Gourmet food truck rolls into Sudbury's downtown
In some cities food trucks operators are accused of stealing business, not paying property taxes
Sudbury's first food truck will set up on a downtown street this weekend.
Mobile trucks selling gourmet eats are a big trend in other cities, but in cities like Hamilton and Montreal, food trucks have become a hot, steaming political issue.
Restaurants accuse them of stealing business while not paying property taxes — prompting some city councils to pass restrictive bylaws or even designate specific food truck zones.
Little of that uproar has come with the Dee-lish food truck in Sudbury, which is covered by several existing city bylaws.
The truck needs a vendor permit, just like a hot dog cart, plus a $35 permit to park on Larch Street. It also must rent a parking spot.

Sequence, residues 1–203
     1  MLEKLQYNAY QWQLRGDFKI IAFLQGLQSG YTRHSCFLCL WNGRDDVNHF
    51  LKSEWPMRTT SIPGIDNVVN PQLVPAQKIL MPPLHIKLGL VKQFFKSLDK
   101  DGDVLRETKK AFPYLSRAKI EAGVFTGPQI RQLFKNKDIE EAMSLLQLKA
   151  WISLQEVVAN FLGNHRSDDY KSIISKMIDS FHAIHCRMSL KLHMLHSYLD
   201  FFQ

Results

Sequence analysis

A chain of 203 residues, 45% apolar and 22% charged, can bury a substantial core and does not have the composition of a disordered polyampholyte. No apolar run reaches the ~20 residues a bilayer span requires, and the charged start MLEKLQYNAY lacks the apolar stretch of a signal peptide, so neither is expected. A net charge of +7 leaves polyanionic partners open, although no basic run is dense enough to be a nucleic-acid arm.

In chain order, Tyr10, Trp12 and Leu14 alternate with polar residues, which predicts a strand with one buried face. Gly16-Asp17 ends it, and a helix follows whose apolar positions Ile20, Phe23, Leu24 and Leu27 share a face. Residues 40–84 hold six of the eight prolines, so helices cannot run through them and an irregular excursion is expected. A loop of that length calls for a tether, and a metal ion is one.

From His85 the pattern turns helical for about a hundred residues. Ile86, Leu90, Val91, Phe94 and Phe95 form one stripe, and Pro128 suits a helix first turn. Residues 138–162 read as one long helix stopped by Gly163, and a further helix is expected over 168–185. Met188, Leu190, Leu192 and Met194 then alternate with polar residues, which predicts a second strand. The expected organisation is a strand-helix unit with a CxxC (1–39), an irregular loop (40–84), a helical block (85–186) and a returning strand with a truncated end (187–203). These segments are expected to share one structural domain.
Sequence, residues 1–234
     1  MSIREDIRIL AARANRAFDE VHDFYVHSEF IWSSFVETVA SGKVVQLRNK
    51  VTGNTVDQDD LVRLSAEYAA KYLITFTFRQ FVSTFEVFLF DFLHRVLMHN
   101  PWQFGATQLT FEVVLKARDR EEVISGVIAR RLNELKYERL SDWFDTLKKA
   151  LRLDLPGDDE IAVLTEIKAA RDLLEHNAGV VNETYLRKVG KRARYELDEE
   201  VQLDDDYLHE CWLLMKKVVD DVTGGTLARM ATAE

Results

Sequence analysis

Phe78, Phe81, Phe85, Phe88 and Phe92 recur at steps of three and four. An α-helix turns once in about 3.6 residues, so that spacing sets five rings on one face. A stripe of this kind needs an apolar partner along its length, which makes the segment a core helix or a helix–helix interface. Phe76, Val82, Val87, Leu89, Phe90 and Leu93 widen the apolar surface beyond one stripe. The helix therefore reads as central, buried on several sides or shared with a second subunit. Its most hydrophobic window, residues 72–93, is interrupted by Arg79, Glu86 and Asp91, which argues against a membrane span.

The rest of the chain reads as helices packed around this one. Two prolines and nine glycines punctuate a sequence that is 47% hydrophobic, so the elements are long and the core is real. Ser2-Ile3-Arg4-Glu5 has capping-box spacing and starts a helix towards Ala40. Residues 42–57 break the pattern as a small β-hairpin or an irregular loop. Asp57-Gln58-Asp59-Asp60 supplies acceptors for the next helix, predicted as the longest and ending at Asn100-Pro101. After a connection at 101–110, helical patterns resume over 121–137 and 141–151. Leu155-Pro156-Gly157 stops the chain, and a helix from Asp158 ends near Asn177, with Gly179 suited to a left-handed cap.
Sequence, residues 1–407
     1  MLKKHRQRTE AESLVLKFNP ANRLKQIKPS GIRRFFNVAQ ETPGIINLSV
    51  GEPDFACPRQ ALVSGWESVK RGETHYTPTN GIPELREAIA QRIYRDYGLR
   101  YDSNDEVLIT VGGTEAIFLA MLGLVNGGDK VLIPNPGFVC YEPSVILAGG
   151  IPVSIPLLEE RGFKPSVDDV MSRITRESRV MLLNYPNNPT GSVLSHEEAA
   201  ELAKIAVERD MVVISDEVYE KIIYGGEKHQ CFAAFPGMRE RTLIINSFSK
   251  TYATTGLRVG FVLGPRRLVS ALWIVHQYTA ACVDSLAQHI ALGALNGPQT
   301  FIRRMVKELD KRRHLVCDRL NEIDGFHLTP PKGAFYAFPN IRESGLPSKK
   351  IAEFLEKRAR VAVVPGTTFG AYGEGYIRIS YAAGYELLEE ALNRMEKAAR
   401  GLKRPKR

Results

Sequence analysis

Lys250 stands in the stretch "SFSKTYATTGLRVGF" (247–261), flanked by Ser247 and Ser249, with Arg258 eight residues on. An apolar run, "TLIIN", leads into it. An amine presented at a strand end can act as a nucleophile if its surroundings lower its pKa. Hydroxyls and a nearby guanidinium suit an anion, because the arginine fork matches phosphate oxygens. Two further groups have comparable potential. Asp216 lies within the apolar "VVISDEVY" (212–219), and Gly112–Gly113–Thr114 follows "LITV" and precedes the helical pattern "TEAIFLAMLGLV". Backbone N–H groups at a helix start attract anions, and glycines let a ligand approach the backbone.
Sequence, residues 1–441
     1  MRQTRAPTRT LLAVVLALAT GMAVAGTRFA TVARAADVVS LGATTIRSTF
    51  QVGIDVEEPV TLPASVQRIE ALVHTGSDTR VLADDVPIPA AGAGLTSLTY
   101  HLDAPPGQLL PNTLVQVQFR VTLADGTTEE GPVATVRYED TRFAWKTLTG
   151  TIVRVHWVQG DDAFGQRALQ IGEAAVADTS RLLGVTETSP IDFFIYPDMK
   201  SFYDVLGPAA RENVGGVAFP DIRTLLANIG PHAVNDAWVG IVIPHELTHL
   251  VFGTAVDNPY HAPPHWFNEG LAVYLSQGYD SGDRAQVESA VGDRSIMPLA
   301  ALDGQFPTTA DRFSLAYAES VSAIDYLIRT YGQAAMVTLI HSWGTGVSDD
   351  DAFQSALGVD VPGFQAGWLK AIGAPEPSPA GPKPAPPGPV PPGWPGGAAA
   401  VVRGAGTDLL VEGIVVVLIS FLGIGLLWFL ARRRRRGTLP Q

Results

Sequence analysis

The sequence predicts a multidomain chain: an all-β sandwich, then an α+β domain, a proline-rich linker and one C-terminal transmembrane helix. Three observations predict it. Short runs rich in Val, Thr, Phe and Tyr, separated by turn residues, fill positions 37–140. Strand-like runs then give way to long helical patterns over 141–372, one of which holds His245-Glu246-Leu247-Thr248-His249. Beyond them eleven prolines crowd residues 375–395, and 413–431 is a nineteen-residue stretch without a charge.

Co-owner Natalie Lefebvre said downtown restaurant owners she's spoken with are supportive.
"They kind of want the business," she said.
"They want more stuff happening downtown, because it's all good for the downtown, right?"
Not according to Janet Lacroix, who owns Michelle's Cafe on Larch Street.
"They're definitely getting a better deal than I did," she said.
"My rent over here is $3,400 a month. Restaurant business downtown is very competitive. Since I've been here four years, I've seen quite a few cafes go under."
Sudbury city council in recent years has talked about restricting mobile businesses that sell gold and furniture, but so far food trucks haven't been on its menu.
In the meantime, Lefebvre said she appreciates that most downtown businesses seem to be very receptive.
"But who knows once we're out there," she said. "We may encounter some issues."